Class 4 (February 25) UK Beers: Porters, Stouts, Scottish and Irish Ales

Dark and amber beers date back centuries being some of the first styles produced due to malting processes and tastes. This class will explore beers of the British Isles. We’ll learn how climate, soil, brewing processes and even taxes played a huge roll in beer brewing and style development in England, Wales, Scotland and Ireland. We’ll sample styles such as English Porter, Irish Stout, Scotish 80 schilling and Scotch Ale, Irish Red, and Cream Stout

This class is led by Les White. Les is an avid homebrewer and president of the Free State Homebrewers Club Guild, an umbrella organization of 16 member clubs. He is a National level BJCP certified judge and has conducted several judge training and sensory analysis courses for both homebrewers and professionals. While he didn’t invent the term, “Beercation”, it’s certainly the best word to describe his travel adventures. Annual trips to Europe since 2000 have mainly centered on volunteering at the Great British Beer Festival in London. But Les is always honing his beer knowledge – whether it’s drinking Kolsch in Cologne, Rauchbier in Bamburg, Lambic in Brussels or Stout in Dublin, every trip involves beer. “It’s not just about the beer but the entire experience – the surroundings, the perfect glass, the proper serving temperature, the people you meet – all of that makes for a memory that is much stronger for a beer judge than any book knowledge could convey.“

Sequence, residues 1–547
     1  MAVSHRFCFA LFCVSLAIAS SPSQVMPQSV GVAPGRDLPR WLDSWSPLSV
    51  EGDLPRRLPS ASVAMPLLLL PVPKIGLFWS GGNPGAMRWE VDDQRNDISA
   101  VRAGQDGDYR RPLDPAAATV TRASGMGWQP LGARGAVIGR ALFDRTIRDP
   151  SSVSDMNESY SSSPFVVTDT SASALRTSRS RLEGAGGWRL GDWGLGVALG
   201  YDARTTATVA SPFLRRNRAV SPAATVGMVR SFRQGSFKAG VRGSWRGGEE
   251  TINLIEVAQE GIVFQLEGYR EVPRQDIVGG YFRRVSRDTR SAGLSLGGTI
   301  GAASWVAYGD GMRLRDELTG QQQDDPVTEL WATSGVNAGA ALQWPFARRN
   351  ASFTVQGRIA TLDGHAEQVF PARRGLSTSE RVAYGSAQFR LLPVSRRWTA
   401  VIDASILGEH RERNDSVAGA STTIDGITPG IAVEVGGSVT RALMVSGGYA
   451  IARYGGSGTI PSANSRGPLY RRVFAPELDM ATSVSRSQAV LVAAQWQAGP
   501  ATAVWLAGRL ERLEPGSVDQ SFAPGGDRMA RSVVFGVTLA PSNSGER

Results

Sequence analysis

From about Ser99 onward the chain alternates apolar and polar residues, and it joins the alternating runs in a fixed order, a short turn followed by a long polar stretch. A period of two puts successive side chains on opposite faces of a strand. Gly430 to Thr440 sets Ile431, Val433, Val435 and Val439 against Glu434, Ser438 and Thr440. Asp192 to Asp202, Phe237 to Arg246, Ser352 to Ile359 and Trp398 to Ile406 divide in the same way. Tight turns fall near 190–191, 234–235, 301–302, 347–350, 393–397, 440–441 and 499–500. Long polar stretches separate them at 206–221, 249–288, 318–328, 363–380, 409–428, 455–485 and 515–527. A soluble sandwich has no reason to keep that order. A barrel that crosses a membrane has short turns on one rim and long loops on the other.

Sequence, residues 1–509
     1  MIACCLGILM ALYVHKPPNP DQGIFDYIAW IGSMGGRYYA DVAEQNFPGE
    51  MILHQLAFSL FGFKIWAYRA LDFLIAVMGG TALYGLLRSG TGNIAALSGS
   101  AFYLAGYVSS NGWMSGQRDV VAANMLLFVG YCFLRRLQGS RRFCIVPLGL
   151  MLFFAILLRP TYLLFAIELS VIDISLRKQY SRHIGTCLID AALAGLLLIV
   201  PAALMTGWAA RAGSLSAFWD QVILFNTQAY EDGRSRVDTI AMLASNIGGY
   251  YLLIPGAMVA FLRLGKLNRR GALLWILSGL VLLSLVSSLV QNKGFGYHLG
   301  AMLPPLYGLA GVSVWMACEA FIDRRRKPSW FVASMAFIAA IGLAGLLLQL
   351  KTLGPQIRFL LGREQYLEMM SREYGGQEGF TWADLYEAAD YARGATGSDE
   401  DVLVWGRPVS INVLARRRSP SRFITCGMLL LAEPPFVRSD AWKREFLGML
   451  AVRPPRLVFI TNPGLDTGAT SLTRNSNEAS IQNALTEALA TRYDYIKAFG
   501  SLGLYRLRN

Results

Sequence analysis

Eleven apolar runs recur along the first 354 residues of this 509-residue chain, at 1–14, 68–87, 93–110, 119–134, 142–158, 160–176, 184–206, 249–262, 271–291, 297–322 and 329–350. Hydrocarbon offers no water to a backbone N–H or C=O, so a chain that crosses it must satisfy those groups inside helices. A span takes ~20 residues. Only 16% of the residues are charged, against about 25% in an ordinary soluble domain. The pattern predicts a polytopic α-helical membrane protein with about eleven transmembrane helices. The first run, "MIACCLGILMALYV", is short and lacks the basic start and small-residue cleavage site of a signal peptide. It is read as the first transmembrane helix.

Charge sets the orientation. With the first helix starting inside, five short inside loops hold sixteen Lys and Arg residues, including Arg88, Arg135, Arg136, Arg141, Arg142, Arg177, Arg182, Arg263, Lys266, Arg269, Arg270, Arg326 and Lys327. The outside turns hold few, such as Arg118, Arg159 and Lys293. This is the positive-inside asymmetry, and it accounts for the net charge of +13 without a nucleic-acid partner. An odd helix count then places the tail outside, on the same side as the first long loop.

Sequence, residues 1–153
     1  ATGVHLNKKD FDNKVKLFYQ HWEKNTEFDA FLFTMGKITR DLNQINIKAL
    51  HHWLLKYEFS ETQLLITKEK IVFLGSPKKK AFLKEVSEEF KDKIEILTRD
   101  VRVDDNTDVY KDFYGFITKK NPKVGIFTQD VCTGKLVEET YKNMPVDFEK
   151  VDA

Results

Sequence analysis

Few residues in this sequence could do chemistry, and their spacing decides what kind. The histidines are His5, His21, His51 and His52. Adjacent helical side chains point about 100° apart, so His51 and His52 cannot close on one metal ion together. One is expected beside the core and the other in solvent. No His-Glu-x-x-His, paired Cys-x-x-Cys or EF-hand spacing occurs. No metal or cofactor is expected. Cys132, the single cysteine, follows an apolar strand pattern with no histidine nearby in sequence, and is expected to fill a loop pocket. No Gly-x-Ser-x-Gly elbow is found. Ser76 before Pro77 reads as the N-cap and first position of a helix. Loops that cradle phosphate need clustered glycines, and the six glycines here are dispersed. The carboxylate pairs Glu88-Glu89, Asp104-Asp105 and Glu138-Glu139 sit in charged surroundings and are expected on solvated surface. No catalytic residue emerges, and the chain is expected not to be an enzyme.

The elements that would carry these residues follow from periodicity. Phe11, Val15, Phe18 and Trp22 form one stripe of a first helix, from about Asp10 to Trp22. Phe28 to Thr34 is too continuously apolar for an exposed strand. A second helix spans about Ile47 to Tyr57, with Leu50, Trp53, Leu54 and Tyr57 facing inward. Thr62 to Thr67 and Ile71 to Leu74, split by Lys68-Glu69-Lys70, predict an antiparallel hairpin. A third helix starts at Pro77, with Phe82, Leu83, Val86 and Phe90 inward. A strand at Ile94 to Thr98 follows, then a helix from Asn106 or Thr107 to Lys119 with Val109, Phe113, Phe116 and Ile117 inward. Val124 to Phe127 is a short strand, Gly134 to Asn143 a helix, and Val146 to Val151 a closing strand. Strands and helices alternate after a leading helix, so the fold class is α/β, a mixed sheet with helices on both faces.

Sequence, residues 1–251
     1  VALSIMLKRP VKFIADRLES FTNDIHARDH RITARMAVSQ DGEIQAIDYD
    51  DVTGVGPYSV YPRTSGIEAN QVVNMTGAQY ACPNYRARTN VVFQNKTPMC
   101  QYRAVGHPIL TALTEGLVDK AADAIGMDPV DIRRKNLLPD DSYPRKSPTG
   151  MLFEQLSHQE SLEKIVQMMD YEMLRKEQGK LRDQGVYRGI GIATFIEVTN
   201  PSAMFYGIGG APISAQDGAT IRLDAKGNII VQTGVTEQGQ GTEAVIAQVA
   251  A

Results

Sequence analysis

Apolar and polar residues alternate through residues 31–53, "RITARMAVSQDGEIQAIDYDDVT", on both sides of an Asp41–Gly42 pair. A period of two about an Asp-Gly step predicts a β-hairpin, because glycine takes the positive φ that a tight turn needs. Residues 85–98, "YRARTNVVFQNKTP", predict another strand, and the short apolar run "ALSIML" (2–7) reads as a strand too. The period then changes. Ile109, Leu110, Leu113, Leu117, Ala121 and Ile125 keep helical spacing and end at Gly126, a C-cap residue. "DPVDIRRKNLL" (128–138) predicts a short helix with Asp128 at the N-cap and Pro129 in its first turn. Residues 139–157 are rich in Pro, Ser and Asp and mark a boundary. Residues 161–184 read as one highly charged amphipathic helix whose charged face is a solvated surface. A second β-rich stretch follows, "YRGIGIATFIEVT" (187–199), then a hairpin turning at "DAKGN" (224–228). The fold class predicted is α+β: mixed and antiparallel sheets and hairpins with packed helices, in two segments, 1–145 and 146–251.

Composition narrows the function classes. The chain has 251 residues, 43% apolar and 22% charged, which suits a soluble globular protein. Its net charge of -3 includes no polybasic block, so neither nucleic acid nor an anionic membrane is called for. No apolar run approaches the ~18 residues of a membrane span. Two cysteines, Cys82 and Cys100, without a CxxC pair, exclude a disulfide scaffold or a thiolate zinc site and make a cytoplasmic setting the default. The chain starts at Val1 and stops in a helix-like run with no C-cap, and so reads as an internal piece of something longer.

Class 5 (March 24) Why Wheat? Why Not? Classic Wheat Beers

For hundreds of years, barley has been the preferred grain for making beer. However, the staple grain of Europe is wheat so it was inevitable that it would make its way into beer. Different brewing processes and types of wheat along with some creativity have led to creating some of the most iconic and highly desired beer styles in the world. This class will explore how wheat and wheat products are used in beer and how along with other ingredients have made some highly flavorful brews. We’ll sample German styles such as Hefeweizen, Berliner Weisse, and Weizenbock, Belgians including Wit and Saison, and an American Wheat ale.

Final Class (March 31) – Beers of Belgium (Jamie and Paul)

This class, led by Jamie and Paul Langlie, will focus on the unique characteristics of Belgian beer styles and the strong influence these have had on American craft brews. Saisons and sour beers, two of today’s most popular brewing trends can trace their roots directly to Belgium. We will explore the sour beers, together with representatives of other hallmark styles that might include dubbels, tripels, dark strongs and speciality beers. The Langlies have been traveling to Belgium for beer regularly over the past several years and look forward to sharing their experience and insights with the class.